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The study of seed dispersal between the widely separated forest patches (forest islands) of the eastern Great Plains can contribute to understanding effects of deforestation in the more complex forest island landscapes of the eastern United States. In the East, there is growing concern that the dissection of regional forests and the creation of small forest islands surrounded by non-forest uses (e.g., agriculture) may be affecting plant species richness and developmental patterns of vegetation (Levenson 1976), as has already been noted in the tropics (Gomezpompa et al. 1972). Curtis (1956) showed that the presettlement forest area in a portion of Green County, Wisconsin had been reduced by 70% as of 1882,90% by 1902,95% by 1935, and more than 96% by 1950.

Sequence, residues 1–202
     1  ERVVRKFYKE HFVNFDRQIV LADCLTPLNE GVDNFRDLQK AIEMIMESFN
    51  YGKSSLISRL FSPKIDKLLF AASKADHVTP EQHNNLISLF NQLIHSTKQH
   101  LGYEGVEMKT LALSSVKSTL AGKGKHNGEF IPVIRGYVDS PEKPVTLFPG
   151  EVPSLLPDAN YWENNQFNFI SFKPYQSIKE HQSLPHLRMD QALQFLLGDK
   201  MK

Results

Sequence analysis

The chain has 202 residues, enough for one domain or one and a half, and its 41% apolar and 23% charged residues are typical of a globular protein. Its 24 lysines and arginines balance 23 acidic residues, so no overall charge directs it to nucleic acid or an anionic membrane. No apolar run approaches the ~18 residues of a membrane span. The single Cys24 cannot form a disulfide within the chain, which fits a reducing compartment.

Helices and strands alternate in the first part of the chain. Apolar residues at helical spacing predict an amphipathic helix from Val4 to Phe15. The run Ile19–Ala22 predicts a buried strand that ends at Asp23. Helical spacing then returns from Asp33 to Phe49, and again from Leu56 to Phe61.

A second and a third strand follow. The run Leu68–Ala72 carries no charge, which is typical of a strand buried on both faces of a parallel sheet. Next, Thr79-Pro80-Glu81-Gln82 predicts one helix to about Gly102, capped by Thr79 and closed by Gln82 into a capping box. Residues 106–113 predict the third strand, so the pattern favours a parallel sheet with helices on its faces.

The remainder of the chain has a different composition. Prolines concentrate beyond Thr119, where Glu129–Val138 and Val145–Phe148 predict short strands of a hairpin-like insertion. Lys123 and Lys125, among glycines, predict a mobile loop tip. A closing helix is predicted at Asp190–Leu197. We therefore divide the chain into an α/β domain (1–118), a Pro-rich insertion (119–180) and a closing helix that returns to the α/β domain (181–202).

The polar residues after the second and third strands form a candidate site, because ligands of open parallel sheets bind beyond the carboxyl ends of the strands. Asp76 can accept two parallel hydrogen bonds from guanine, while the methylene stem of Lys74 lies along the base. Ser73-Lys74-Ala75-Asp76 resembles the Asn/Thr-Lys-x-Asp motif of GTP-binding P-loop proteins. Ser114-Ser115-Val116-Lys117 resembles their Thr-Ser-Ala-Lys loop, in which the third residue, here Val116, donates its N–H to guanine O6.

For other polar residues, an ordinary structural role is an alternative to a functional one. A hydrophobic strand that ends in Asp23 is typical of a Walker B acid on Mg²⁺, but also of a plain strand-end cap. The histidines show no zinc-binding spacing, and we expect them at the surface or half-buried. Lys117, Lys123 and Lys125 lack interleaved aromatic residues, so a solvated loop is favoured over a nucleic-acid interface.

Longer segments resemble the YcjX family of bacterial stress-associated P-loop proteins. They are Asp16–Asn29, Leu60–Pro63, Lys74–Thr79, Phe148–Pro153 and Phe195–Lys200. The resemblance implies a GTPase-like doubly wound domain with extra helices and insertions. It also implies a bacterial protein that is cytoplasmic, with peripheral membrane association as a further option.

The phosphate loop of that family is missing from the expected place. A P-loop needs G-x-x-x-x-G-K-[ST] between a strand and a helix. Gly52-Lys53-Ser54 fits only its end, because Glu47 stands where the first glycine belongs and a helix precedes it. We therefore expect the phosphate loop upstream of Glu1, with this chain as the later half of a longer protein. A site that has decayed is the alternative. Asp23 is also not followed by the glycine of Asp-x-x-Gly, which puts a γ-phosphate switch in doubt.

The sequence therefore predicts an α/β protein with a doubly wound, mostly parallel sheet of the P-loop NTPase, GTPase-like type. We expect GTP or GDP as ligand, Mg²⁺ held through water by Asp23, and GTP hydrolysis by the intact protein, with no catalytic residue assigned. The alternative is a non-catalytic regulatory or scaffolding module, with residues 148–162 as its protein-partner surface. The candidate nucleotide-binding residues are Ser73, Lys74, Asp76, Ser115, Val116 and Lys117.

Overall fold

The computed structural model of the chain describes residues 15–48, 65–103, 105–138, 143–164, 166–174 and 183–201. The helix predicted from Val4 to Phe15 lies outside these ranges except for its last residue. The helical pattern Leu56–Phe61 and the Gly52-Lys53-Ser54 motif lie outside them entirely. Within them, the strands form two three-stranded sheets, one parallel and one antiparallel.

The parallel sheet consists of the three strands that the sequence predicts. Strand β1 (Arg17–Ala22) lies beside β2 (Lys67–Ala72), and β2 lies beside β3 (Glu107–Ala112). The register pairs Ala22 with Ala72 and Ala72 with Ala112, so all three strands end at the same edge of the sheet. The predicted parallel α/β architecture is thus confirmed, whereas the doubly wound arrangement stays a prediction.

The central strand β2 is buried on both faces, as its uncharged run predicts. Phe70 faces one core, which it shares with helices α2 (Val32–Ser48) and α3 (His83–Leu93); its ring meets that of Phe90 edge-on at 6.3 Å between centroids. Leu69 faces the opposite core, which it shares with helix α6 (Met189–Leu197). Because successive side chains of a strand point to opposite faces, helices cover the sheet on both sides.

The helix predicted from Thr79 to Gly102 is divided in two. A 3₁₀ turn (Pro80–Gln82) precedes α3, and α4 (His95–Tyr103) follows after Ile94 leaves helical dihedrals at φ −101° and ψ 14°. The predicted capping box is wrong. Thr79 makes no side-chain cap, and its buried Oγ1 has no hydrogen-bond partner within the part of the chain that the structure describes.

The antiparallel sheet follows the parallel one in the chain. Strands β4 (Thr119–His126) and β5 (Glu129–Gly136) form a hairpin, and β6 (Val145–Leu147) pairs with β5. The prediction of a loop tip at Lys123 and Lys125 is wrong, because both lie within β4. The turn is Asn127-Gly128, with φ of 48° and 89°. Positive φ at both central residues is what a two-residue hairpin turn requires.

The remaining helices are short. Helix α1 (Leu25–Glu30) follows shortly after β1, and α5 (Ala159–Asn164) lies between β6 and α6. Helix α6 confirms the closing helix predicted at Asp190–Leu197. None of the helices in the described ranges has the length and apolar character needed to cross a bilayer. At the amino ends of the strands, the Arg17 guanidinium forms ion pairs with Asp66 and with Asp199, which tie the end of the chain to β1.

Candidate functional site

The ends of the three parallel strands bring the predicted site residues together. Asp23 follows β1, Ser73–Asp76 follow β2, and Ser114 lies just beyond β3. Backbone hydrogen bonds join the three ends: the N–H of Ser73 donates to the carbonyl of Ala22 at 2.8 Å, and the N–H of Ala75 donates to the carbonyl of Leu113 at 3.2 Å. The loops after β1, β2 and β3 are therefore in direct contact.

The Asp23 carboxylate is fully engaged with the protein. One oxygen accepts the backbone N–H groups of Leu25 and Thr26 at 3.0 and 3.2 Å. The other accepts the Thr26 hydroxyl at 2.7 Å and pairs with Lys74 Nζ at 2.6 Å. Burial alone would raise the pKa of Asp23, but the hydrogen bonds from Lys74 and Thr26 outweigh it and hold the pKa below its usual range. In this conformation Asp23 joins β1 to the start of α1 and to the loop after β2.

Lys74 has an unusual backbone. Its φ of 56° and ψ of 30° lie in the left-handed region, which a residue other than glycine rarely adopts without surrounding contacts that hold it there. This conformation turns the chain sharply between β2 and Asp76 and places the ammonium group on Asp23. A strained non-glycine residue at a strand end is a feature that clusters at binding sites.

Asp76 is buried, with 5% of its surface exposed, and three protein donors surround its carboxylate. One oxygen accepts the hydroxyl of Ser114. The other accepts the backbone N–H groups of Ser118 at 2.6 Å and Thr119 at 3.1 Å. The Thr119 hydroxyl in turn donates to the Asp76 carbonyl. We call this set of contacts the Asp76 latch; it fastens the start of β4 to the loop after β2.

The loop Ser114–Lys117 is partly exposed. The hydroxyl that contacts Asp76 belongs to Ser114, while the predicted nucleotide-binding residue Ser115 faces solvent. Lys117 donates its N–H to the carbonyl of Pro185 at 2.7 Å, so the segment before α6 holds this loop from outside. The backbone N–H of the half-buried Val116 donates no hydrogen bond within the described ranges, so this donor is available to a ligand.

The effect of distance in altering seed exchange between forest islands has not been directly tested. However, the use of forest islands as study sites has provided some clues about the effects of distance (isolation) on dispersal and forest composition. Scanlan (1975), Tramer and Suhrweir (1975), and Levenson (1976) all noted that the species richness of forest stands in Minnesota, Ohio, and Wisconsin, respectively, was inversely proportional to the degree of isolation from neighboring stands. It is not clearly understood whether the characteristics of deforested landscapes preferentially reduce the abundance of species with certain dispersal characteristics (e.g., heavy animal-dispersed and heavy wind-dispersed seeds).